Words matter. These are the best Esa-Pekka Salonen Quotes, and they’re great for sharing with your friends.
The underlying process in Northern music tends to be slower and continuous, whatever’s happening on the surface; in Southern music the underlying process is always faster.
Every day we make more progress toward understanding the concert hall.
As we watch TV or films, there are no organic transitions, only edits. The idea of A becoming B, rather than A jumping to B, has become foreign.
When we’re at the end of The Rite of Spring or of a Bruckner symphony, I want people to feel the music physically.
I discovered that the people of the North are different and there’s no way you can make a person from the North similar to a Southerner. They’re two different worlds.
Once you get over the first hill, there is always a new, higher one lurking, of course.
The act of conducting in itself, of waving my arms in the air and being in charge, I didn’t miss. I missed the sensual pleasure of being in contact with music.
Music has just as much to do with movement and body as it does soul and intellect.
I love a visceral sound, the kind that hits you in the belly.
This continuity of sound and form was something that I became really interested in from working with Ligeti. He was always going on about how form has to be continuous.
The Northern idea of form is more of a process. The various units of the form overlap. You can’t tell where some things stop and new things start. This is typical of Sibelius.
After working with Ligeti I began to hear Brahms and Beethoven differently.
Los Angeles is just a more open place. The way L.A. functions is that people give you a forum. They say, Show us what you can do.
There is more openness in LA to possibilities than on the East Coast of America. There is a pioneering spirit there that stems from the reason people went out there in the first place-to find something new.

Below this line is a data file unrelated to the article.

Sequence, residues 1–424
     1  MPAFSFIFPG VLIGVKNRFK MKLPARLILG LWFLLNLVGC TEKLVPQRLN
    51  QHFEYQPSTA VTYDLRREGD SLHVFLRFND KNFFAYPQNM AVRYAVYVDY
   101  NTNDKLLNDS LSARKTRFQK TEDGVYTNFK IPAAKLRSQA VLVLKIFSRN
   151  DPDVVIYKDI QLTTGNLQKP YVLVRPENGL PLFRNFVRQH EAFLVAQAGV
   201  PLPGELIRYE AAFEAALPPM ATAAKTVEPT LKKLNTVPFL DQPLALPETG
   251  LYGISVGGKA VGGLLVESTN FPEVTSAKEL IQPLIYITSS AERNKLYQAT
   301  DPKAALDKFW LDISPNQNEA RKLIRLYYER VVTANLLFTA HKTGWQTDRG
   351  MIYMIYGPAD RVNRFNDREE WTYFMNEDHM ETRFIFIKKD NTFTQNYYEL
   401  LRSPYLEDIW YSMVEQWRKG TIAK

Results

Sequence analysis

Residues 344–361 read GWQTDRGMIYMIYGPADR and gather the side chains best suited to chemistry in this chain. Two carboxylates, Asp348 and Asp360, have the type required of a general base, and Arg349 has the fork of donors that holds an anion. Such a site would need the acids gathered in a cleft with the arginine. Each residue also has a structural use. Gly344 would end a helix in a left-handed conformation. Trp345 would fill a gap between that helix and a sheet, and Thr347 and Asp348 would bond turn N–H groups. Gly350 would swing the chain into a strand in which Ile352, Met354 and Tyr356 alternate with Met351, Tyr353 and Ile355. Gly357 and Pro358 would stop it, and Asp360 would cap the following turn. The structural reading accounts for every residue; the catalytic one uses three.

This country, and the West Coast, especially, is bad at preserving any cultural legacy.
The sound was my greatest concern. There were certain difficulties getting used to the way every musician can hear his or herself, the way each of them relates to the musician in the next seat.
I don’t believe in an annual dose of film music for the sake of it being film music. If we program film music, it will be because there is a real artistic reason for doing so.
With American orchestras, in particular, because they play in such huge halls, getting a true pianissimo is very hard.
I feel very free and very happy to be a composer.
The Royal Festival Hall in London is nice; people hang out there. I think this inviting, non-exclusive character is very important.
If the seams are showing, there is something wrong with the performance or the construction of the piece. This idea is completely at odds with our modern visual experience, because everything today is based on montage.
In the range of music that we play – roughly 300 years’ worth-there really are more similarities than differences.
There is such a suspicion in today’s world of people who do more than one thing, who aren’t specialized.
The music I turn out these days is the kind of music I want to hear myself.
In Europe, there is so much tradition, and everyone has established ideas as to what art should be and what it has always been.
Stravinsky is masterly: his harmony is conceived so precisely that it can only be the way it is.
The players never think they project enough. In a hall that seats 3,300 people, it’s a very scary thing to play so quietly that you can barely hear yourself.
I always had, deep down, a slight aversion toward the purely cerebral in music.
I can’t imagine how many first performances I’ve done, perhaps 500. Some of them have been very good, and some of course very bad.
Orchestras have become used to the emphasis on the separation of layers, of the ultimate precision and clarity.
Anyone who composes and conducts at the same time is immediately suspect, because he must be faking one or the other.
This conducting thing happened. In 1983 I was sucked into this international career, which was a very scary experience.
I’m still disturbed if a chord isn’t together, but your priorities change as you get older.